In an ideal world you would search for your partner in crime. wedding dressYour only criteria for selecting a garment is how much you love it. But for many, how you feel about the garment is more important than its price. Gwendolyn Stolgis saw her use it. wedding dressShe saw an opportunity to relieve the worry of someone else by hanging her closet. She remembered how she was raised. dress made her feel and knew that she was fortunate enough to be able to afford it, but that shouldn’t be the determining factor.
When she was first looking for her wedding dressStuglis had a budget of $1,000 and a dream to find a gown that made her feel beautiful. After trying on many dresses, she finally chose a champagne-colored gown. dressComplete with long sleeves of sparkly lace and buttons running from the middle of your back to the end, “I stood there and kind of got tears in my eyes because it really was the dress that I really wanted,”she Acceptance. The only problem was that it cost her triple her budget.
Stulgis purchased the item after some encouragement from her mother. “I don’t think I could have pictured myself in anything else.”she explains. “That dress was just made for me.”The gown was worn proudly by her when she became Stulgis, and she was happy that she purchased it.
As most brides do, she hung her wedding dressWhen the ceremony was over, she found it in her closet. She realized that the garment was useless if it sat there and decided to give it away. Stulgis searched Facebook for the bride to give to her in May. dress to. Two requests were made in the post: the bride must have her ceremony within three months, and the groom must have it by the end of the following year. dressMust be passed on to others “as long as the dress can stand.”
More than 70 messages came flooding into Stulgis’ inbox from brides telling her why they would love the dressIt would mean to them. Her husband and she would read the messages every night.
Margaret Hyde had originally planned to make her own. dress before she saw Stulgis’ Facebook post. Alycia Ashley was her future sister in law. She told her that she wanted to enter but was hesitant. Ashley secretly nominated Ashley. Ashley’s message commended Stulgis’ “sisterhood of the traveling pants-esque decision”Hyde was then described as “the most selfless person”She knows, who “gives everything off of her back at the drop of a hat for anyone around her.”After Hyde gained the courage three days later she nominated her self.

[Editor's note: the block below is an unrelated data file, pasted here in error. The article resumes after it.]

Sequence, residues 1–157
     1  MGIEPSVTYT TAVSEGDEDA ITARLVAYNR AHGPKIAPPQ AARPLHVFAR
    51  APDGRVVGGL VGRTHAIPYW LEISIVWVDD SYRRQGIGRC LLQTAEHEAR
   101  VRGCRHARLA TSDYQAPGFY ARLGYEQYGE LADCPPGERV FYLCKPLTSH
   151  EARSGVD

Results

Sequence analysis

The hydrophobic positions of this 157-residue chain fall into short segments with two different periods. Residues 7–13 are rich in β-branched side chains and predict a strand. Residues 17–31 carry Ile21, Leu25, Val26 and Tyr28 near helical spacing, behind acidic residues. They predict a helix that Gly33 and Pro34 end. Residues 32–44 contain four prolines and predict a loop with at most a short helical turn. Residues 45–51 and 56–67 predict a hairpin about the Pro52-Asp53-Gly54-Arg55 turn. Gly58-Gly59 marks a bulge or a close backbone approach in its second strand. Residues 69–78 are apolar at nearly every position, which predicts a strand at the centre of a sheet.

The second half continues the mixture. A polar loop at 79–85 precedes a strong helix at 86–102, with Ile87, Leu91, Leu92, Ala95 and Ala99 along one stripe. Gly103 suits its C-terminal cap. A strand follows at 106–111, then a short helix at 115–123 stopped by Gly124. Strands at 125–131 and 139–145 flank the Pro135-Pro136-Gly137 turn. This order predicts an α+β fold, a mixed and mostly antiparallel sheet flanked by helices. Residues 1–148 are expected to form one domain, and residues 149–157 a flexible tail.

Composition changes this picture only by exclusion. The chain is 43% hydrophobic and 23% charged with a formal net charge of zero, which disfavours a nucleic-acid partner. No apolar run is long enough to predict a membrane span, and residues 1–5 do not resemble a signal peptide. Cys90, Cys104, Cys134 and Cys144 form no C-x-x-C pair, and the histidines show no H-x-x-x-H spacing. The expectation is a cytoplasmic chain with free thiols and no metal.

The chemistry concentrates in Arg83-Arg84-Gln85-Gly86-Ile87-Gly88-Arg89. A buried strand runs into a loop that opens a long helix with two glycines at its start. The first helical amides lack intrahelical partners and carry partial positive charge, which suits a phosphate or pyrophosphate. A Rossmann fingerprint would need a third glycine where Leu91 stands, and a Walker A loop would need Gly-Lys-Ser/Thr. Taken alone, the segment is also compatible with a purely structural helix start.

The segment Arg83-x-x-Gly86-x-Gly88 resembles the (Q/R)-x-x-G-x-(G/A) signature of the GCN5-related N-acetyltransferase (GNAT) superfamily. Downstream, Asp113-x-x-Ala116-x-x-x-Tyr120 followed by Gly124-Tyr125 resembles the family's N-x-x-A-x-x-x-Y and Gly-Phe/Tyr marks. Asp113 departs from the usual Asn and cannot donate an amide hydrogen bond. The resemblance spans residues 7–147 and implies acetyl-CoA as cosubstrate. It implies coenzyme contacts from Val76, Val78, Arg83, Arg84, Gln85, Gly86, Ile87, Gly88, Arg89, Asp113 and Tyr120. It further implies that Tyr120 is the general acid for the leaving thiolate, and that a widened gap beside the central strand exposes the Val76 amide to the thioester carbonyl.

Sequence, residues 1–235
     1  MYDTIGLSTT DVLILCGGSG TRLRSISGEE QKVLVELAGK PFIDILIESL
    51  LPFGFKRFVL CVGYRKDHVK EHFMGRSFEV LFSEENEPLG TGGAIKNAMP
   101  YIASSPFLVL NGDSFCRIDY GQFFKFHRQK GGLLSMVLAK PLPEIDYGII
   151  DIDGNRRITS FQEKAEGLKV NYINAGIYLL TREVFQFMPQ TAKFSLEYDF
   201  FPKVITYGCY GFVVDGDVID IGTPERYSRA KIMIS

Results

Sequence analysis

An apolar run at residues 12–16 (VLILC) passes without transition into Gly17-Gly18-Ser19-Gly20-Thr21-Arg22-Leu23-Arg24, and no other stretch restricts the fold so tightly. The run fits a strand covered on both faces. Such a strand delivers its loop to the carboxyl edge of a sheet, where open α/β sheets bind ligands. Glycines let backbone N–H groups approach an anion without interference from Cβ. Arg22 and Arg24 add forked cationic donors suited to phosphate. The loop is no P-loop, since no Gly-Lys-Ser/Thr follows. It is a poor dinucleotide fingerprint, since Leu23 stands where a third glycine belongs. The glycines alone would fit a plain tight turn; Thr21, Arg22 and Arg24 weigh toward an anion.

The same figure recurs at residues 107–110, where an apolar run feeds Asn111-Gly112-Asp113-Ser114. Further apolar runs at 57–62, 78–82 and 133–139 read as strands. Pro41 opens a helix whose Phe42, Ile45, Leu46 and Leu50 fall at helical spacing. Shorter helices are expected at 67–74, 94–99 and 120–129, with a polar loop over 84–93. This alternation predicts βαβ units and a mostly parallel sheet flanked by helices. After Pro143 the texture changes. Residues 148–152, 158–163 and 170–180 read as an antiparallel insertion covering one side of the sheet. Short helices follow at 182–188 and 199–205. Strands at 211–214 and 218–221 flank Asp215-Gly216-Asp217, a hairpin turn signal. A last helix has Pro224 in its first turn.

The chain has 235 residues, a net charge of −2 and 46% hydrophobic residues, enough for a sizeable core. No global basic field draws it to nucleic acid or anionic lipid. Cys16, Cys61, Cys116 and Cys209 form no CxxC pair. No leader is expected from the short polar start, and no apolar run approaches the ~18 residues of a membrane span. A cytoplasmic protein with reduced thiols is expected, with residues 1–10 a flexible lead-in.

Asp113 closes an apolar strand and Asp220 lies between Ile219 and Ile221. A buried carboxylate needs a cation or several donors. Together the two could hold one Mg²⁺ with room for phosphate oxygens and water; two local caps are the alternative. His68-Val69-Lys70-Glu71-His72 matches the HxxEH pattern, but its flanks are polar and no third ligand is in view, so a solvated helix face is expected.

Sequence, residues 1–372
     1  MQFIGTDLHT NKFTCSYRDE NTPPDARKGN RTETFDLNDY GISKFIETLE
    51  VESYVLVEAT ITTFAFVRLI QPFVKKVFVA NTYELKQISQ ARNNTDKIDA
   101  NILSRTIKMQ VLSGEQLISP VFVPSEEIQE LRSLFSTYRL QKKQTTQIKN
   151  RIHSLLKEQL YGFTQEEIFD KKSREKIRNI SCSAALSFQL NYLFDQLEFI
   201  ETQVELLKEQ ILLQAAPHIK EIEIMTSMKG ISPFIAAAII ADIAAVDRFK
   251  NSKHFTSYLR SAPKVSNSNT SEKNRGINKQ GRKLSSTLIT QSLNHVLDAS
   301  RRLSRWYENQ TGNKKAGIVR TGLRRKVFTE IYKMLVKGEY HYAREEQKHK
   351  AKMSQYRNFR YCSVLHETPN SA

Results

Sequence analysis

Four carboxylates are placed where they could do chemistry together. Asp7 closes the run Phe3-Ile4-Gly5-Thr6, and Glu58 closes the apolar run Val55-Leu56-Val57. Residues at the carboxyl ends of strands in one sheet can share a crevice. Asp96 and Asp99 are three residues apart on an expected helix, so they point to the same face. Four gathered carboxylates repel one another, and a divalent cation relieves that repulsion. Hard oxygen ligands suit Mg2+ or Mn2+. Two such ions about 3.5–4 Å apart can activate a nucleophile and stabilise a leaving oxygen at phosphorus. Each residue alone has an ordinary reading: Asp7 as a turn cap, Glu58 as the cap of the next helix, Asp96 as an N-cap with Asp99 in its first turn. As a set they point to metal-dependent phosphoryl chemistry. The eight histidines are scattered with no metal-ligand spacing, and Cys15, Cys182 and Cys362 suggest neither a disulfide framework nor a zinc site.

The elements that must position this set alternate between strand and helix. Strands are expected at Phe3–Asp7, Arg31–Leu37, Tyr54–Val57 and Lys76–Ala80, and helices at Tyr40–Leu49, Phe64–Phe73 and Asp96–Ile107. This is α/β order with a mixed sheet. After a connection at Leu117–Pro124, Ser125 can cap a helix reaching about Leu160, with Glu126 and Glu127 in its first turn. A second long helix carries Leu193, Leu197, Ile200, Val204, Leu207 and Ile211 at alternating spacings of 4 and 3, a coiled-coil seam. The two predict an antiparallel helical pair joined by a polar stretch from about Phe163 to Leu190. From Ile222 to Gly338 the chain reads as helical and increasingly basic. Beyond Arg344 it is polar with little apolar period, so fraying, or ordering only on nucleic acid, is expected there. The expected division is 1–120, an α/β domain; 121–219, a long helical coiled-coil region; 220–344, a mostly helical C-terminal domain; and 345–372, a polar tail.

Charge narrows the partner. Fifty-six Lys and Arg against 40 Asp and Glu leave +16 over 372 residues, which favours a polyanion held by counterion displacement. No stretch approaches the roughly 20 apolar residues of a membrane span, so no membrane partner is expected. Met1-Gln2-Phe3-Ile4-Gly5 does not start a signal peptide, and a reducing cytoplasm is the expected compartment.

Stulgis was moved by Ashley’s message and love for the bride to be. Hyde was informed that she had been chosen on June 4. “I was in complete shock,”she Recalls. “I feel extremely loved.”Hyde plans to travel with the group dress requests.
Stulgis created a Facebook group called “Stulgis” after her post. Shared Dream Dresses. There are currently 12,000 members. An estimated 200 dresses were given away since June. Many brides are planning to continue the tradition Stulgis began. This includes brides such as Diana Bowman, who specialized in giving away dresses. that she hopes her gown “gets passed from bride to bride to bride, and it just gets worn out and is in tatters at the end of its life because of all the celebrating that’s done in it.”
Stulgis’ community of bridal donations started with such a giving sentiment. “I want someone else to feel the way I did on my wedding day—to look beautiful,”She shares. “I want the person to feel like they are worth something. I want them to get the dress of their dreams without worrying about buying one. A wedding dress shouldn’t just be kept in a closet.”
If you would like to be part the movement, you can request membership Facebook group Shared Dream Dresses.
Gwendolyn Stulgis wore this dress when she married. wedding dressShe is the embodiment of her dreams.
She had a budget for $1,000 but spent $3,000 on the one that made her feel most beautiful.
Realizing that there are people who cannot afford it wedding dresstheir dreams and arriving at the conclusion that hers was the best. “shouldn’t just be kept in a closet,”She decided to give it away free of charge.
To find the perfect bride dressStulgis posted a Facebook message. She received a few requests, including: dressto be passed on to other brides.
Over 70 people sent Stulgis requests to be given them. dress. After Hyde’s sister in law secretly nominated Hyde for the role, she decided to give her dress to Margaret Hyde.
The amount of support Stulgis got was overwhelming, so she started a Facebook group called Shared Dream Dresses as a space for others to donate and be gifted wedding gowns.
The Facebook group has over 12,000 users, has circulated approximately 200 dresses, and has given new meaning. “something borrowed.”
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